Top Colleges by Major – Methodology
In order to identify top colleges for each major, we relied on six equally weighted variables, namely those for major emphasis, major share, institutional selectivity, class size and student-to-faculty ratio, peer assessment, and graduate earnings.
Indicates the number of students at an institution studying a specific major. If a high percentage of students at a particular college are studying a major, it is likely that the major attracts a relatively large portion of the institution’s resources. To measure major emphasis, we relied on data collected by the National Center for Education Statistics as reported by The Integrated Postsecondary Education Data System (IPEDS).
If a college enrolls a relatively high percentage of all students in the United States studying a particular major, it is likely that the college has been identified by prospective students, employers, and other stakeholders as a leader in that subject area. Though this assumption may result in bias against smaller institutions or programs, it is important to account for the fact that larger programs often have the ability to attract more tuition revenue, meet fixed costs, and reinvest the major’s offerings. To measure major share, we relied on data collected by the National Center for Education Statistics as reported by IPEDS.
Though selectivity is not a perfect proxy for college or major/program quality, it is highly correlated with student ability/achievement and institutional expenditures per student, which both contribute significantly to the undergraduate learning experience. We looked to a college’s freshman admission rate and average SAT/ACT score (as reported by each institution’s Common Data Set (CDS) report) to measure selectivity.
Class Size and Student-to-Faculty Ratio
Research consistently shows that class size as well as student–faculty interaction and collaboration leads to better learning and career-related outcomes. We collected data for these indicators from the US Department of Education and institutional CDS forms.
To derive a peer assessment score, we relied on questionnaires distributed to both college admission experts (including school counselors and independent education consultants) and higher education administrators, and then compared responses with “strong programs” data published by U.S. News & World Report, Niche, and other reputable sources that rank colleges within a specific discipline (e.g. CSRankings.org for Computer Science, The Hollywood Reporter for Film, Foreign Policy for International Relations, etc.). Alone, peer assessment surveys are subject to a fair amount of bias. However, when evaluated in sum and considered along with more objective data—such as that examining major emphasis and class size—they can provide more complete and corroborative insight into the strength of a particular program/major.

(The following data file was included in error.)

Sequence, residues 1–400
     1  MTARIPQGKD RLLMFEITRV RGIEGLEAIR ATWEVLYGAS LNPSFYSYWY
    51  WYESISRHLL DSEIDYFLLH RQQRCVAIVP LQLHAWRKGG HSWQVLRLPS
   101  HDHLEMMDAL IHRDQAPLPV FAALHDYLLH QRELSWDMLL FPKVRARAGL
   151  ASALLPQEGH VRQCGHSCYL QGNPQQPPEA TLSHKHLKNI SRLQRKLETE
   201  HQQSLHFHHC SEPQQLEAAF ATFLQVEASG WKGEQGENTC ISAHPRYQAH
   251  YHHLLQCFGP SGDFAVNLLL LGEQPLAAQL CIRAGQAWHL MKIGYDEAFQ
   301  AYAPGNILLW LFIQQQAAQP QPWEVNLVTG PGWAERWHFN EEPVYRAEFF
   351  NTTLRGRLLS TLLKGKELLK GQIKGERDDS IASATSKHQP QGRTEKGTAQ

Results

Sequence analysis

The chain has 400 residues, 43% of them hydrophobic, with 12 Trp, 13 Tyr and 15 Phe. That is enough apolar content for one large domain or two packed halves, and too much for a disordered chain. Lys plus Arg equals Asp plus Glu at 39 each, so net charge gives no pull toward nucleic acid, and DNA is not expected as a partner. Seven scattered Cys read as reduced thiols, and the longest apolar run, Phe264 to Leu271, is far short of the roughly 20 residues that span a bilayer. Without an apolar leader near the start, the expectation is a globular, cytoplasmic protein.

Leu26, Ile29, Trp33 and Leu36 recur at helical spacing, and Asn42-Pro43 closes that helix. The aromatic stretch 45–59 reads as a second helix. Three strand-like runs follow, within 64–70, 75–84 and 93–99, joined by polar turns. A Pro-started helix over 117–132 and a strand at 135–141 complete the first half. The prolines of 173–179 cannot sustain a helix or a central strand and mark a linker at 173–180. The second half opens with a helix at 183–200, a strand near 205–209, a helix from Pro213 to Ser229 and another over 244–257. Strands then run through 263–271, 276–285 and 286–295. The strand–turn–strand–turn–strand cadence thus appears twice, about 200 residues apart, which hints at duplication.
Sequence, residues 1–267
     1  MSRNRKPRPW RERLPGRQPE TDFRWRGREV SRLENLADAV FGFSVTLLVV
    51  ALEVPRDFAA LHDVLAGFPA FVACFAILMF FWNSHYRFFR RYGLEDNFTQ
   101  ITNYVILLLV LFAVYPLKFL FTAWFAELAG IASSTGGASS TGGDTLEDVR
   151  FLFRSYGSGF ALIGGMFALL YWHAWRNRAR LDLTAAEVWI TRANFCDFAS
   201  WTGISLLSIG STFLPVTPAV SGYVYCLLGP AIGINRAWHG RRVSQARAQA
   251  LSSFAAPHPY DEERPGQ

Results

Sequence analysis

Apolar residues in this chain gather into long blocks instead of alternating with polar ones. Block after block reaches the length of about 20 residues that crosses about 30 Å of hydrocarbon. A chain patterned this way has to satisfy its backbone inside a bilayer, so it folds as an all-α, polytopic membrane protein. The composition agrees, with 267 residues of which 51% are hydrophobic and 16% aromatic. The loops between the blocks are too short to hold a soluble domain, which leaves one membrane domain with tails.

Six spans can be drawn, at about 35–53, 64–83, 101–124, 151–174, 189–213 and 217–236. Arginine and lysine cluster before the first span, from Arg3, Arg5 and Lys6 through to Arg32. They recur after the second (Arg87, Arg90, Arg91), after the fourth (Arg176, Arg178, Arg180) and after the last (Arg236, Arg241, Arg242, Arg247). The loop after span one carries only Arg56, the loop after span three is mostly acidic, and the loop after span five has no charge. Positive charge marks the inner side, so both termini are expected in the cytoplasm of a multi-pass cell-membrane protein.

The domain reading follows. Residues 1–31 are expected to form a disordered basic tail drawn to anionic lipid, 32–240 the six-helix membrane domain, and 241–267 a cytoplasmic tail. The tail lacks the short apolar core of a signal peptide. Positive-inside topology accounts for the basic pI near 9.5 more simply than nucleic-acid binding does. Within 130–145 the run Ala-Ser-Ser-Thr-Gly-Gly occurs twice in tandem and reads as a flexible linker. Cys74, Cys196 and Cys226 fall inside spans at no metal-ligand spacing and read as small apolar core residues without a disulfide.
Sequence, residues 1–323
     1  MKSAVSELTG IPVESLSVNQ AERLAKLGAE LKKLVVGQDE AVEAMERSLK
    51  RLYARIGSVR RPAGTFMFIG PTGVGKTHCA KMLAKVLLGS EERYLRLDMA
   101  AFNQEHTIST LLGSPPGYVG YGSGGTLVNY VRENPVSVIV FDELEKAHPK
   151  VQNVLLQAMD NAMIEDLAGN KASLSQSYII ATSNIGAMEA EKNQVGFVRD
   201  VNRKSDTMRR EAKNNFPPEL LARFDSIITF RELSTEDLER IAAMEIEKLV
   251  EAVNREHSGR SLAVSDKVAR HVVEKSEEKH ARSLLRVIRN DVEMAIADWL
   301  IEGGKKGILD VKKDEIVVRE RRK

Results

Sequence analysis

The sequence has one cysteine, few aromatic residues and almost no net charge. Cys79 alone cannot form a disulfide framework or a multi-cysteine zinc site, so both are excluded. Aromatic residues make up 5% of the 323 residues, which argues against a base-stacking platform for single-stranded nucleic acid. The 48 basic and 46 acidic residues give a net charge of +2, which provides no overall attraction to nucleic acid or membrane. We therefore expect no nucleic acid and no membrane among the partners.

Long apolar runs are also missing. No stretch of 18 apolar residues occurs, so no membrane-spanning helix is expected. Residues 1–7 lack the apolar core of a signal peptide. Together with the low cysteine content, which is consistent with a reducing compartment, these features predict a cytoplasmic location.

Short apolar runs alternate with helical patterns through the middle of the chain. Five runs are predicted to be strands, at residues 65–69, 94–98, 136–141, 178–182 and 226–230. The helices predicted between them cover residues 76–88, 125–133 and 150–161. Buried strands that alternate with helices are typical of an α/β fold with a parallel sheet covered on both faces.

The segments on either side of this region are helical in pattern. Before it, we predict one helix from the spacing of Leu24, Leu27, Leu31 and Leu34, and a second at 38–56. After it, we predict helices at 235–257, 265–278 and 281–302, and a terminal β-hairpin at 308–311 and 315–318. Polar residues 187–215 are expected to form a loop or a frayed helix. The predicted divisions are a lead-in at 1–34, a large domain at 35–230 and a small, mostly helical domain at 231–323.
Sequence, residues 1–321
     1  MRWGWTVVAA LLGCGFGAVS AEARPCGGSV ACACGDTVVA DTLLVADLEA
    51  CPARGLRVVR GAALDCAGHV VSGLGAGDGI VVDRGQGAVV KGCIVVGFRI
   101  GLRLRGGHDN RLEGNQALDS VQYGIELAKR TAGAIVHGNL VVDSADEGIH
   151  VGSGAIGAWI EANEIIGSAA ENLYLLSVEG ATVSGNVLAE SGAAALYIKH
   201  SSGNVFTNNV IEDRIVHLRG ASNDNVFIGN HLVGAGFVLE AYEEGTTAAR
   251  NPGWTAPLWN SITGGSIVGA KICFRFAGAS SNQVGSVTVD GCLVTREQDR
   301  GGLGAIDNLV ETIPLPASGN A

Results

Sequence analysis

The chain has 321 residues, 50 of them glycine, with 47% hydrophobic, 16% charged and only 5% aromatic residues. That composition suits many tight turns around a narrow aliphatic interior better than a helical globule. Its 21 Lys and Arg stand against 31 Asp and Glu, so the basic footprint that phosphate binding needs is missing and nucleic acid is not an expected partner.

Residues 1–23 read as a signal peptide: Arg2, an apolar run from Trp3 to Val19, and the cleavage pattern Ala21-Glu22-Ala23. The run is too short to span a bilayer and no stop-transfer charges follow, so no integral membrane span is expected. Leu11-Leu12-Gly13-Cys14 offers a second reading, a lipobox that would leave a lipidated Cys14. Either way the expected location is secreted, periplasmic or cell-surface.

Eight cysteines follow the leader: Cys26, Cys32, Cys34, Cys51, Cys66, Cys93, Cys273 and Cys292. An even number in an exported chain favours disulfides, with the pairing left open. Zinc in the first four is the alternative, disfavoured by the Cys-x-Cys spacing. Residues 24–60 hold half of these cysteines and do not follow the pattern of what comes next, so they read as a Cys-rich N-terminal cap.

To measure graduate earnings, we relied on salary data provided by College Score Card, PayScale, and the Equality of Opportunity Project, all of which indicate both early-career and mid-career wages of students by college. We analyzed both early-career and mid-career wages because the former is typically an indicator of how employers perceive the quality of a particular major/program, while the latter indicates how well a major/ program may have prepared students for work. In addition, when able, we used data indicating graduate earnings by field of study, as doing so provides a more accurate measure of the relationship between a specific academic program and graduate earnings. For example, PayScale provides salary data for a student attending Boston University and majoring in engineering, which is different from salary data for students attending Boston University and majoring in business.
After collecting data, for most fields, we normalized and subsequently summed values across the above six indicators. Institutions earning a relatively high value were included in our lists. For areas of study without a predominance of institutions offering majors (e.g. game design, financial engineering, etc.), we relied primarily on variables for institutional selectivity, peer assessment, graduate earnings, and class size, and also totaled the institution’s number of faculty and course offerings in the area.
**Given that ranking majors/programs (and colleges) is a statistically dubious endeavor and one that fails to emphasize the importance of fit, we chose to publish top colleges (for each major) alphabetically, rather than in rank order.